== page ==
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© Ben Gray/The Atlanta Journal-Constitution, via Associated Press
Traffic inched along the connector of Interstate's 75 and 85 in Atlanta on Tuesday.
Thousands of commuters were trapped in cars overnight on highways in the greater Atlanta area, hundreds of students remained inside dozens of schools Wednesday morning and at least 50 children spent the night on school buses because of an ice storm that is still gripping the deepest parts of the South.

Residents ran out of medicine, a baby was born to a stranded mother and pleas for help flooded Twitter and Facebook as a region that rarely deals with ice and snow came to a screeching halt during a rare meteorological event that was still icing points this morning as far south as Brownsville, Tex.

"This came very suddenly," Craig Witherspoon, superintendent of Birmingham City Schools in Alabama, said Wednesday morning. An estimated 600 students in his district spent the night in schools, tended by about 100 staff members.

"All reports for the Birmingham area were that we'd get a light dusting to the south of where we were," Mr. Witherspoon said. "And the flakes started coming, and then it just poured out."

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Leigh Walker, a teacher, had breakfast Wednesday with students that spent the night at Oak Mountain Intermediate school in Indian Springs, Ala. About 80 children and 20 adults spent the night at the school due to a winter storm.
Although less than three inches of snow fell throughout the Atlanta region, the ice was crippling and its impact unanticipated. Hundreds of students spent the night in Atlanta schools, watched over by teachers, state patrol officers and the National Guard. Cindy Warner, a spokeswoman for the school system in Shelby County, Ala., said in an email early Wednesday that 26 schools housed about 1,500 students overnight. Three hundred adults stayed to monitor the children in the district, which is near Birmingham.

With much of the region under a coat of ice and temperatures not expected to climb above freezing on Wednesday, it was not clear when those students or the thousands of commuters still stuck on Interstates and side roads would be able to make it home.

The region knew the storm was coming. But few seemed prepared for the icing and the volume of traffic.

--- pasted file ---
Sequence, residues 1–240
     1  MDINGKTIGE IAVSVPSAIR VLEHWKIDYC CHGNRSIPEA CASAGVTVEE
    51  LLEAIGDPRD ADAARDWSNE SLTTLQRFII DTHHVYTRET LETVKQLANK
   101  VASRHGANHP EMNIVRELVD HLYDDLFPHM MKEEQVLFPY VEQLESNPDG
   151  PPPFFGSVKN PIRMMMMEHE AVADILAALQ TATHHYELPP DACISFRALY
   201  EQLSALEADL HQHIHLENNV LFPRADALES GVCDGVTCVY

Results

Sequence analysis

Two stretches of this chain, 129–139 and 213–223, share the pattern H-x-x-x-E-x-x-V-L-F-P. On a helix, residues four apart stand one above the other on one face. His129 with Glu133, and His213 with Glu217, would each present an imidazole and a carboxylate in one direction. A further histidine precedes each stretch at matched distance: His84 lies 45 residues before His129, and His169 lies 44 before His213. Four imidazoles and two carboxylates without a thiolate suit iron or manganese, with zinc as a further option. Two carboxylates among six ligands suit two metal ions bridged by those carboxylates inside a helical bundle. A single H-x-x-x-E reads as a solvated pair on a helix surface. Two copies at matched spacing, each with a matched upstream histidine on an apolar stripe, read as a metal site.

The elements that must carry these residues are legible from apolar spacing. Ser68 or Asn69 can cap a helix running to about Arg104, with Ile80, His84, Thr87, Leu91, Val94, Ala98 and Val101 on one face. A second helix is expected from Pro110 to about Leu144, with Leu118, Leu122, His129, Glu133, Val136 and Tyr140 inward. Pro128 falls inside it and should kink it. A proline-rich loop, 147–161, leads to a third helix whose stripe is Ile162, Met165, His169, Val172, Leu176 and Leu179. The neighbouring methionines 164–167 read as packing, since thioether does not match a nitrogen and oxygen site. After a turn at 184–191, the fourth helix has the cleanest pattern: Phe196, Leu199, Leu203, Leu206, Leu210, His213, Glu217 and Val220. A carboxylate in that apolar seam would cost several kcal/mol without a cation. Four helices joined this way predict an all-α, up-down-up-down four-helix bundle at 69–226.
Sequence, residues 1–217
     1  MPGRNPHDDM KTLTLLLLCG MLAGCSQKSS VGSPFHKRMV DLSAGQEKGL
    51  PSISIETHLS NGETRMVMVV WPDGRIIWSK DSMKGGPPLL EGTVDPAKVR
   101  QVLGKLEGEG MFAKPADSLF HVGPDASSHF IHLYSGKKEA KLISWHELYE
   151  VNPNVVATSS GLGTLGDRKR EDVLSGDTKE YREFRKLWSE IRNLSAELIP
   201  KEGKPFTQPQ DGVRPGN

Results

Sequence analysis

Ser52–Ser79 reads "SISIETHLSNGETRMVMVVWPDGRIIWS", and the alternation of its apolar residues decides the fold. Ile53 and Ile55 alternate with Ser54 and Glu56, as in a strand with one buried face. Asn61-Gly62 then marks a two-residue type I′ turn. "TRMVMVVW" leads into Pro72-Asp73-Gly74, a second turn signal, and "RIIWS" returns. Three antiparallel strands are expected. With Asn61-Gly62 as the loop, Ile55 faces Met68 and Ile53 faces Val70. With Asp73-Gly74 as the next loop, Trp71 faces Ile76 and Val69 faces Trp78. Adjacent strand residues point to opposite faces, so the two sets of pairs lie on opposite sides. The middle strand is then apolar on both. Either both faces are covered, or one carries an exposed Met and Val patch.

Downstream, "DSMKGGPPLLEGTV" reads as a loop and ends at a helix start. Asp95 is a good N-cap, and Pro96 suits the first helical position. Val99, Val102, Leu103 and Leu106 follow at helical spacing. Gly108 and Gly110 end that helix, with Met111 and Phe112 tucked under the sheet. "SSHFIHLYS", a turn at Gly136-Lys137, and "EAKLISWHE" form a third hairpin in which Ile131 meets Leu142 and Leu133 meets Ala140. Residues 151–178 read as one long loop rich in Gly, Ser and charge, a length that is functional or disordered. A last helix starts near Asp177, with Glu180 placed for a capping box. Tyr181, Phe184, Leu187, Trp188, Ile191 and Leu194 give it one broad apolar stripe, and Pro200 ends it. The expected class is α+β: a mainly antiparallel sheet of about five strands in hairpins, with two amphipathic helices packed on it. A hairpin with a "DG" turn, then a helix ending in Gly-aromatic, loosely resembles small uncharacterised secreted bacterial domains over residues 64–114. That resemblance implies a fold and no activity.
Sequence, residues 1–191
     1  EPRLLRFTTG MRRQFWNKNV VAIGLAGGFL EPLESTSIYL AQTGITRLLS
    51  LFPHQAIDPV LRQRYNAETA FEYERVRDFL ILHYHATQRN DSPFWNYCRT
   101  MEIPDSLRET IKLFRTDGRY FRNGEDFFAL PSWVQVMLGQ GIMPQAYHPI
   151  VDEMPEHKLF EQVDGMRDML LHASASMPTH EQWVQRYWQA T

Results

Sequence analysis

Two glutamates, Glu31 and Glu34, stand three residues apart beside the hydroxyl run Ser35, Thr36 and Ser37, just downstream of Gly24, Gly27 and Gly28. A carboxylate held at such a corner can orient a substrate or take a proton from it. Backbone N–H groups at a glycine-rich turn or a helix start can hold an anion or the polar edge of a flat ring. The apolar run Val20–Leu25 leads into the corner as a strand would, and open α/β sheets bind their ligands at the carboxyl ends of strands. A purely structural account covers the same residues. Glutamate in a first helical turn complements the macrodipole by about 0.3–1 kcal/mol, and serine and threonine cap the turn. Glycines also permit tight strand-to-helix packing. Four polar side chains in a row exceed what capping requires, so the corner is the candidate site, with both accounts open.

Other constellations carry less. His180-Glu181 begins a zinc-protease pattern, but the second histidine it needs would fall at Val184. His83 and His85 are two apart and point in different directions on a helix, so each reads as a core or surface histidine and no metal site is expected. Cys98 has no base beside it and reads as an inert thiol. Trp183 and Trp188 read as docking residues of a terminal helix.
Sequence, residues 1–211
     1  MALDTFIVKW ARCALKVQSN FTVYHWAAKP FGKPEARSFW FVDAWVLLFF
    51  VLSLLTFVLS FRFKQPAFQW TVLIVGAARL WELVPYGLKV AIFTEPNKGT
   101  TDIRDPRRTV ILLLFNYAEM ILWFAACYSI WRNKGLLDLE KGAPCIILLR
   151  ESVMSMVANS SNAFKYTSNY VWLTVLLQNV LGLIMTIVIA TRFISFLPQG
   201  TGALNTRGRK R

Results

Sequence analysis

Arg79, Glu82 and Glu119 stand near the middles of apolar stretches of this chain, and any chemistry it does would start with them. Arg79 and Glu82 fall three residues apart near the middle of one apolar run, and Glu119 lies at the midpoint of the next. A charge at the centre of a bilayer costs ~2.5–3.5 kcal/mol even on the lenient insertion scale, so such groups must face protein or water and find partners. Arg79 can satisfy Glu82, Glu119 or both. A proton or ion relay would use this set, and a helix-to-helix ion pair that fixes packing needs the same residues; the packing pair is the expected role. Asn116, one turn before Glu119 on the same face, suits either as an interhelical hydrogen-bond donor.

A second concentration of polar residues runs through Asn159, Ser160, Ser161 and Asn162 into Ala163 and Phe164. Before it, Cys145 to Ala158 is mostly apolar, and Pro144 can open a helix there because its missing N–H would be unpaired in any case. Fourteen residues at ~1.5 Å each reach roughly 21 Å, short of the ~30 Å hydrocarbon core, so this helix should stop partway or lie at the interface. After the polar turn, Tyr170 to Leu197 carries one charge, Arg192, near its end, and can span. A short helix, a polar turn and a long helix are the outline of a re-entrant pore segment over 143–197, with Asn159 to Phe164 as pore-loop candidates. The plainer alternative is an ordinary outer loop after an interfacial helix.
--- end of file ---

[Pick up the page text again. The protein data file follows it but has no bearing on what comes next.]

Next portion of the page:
In Atlanta, school closing were announced late, giving parents only an hour or two to try to get to their children. Office buildings emptied early, sending a tremendous wave of traffic onto the roadways in the early afternoon, about the time the roads began to freeze. Caught unaware, drivers found themselves at a standstill. Commutes of four miles stretched into six hours and many are still on the road.

Complaints that the Deep South's major cities and states did not properly prepare for the storm rose quickly.

Gov. Nathan Deal of Georgia and Mayor Kasim Reed of Atlanta held a joint briefing late Tuesday, by turns offering apologies and defending their response, saying they were much better prepared for this storm than they were for one in 2011, but adding that no one anticipated the huge number of cars and trucks that hit the road all at once.

"Within a very short time frame from the time the snow started falling here," Mr. Deal said, "It became very obvious that everyone was leaving to go home at the same time."

He asked people to stay off the roads. "We apologize to the public for the inconvenience," he said.

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© John Bazemore/Associated Press
A man stood on the frozen roadway as he waited for traffic to clear along Interstate 75 on Wednesday, in Macon, Ga.
Alabama and Georgia called up the National Guard. In Montgomery, Alabama, authorities orderedall roads closed Tuesday night.

In the Atlanta area, desperate drivers slept in the aisles of grocery stores, on gas station floors and on other businesses that kept their doors open. Good Samaritans tried to make it out to roadways to bring food and water.

Many drivers ran out of gas. A Facebook page called Snowed Out Atlanta was created as a kind of emergency switchboard for people trying to help friends and family members stuck on the road.

The posts became more desperate as dawn began to break. "Anyone know of an open home depot, fire station or anything else north of Acworth but close to 75??? A very elderly couple (late 90s) & their grandson need to get off the road asap!" one person wrote about 6 a.m.

Another post read: "My Mom Cynthia Herring and step dad with leukemia in need. stuck on 285 near cascade rd 17+ hrs. They are in a black Kia Soul. Almost out of gas, no food, no meds. For him. Please help"

At least four people died in snow-related accidents in Alabama, said Sgt. Steve Jarrett of the Alabama Department of Public Safety. And in Atlanta, at least one baby was born on Interstate 285 during the traffic jam Monday afternoon, assisted by the child's father and a police officer from Sandy Springs, Ga.

An emergency vehicle arrived shortly after the baby was born and took the family to a nearby hospital.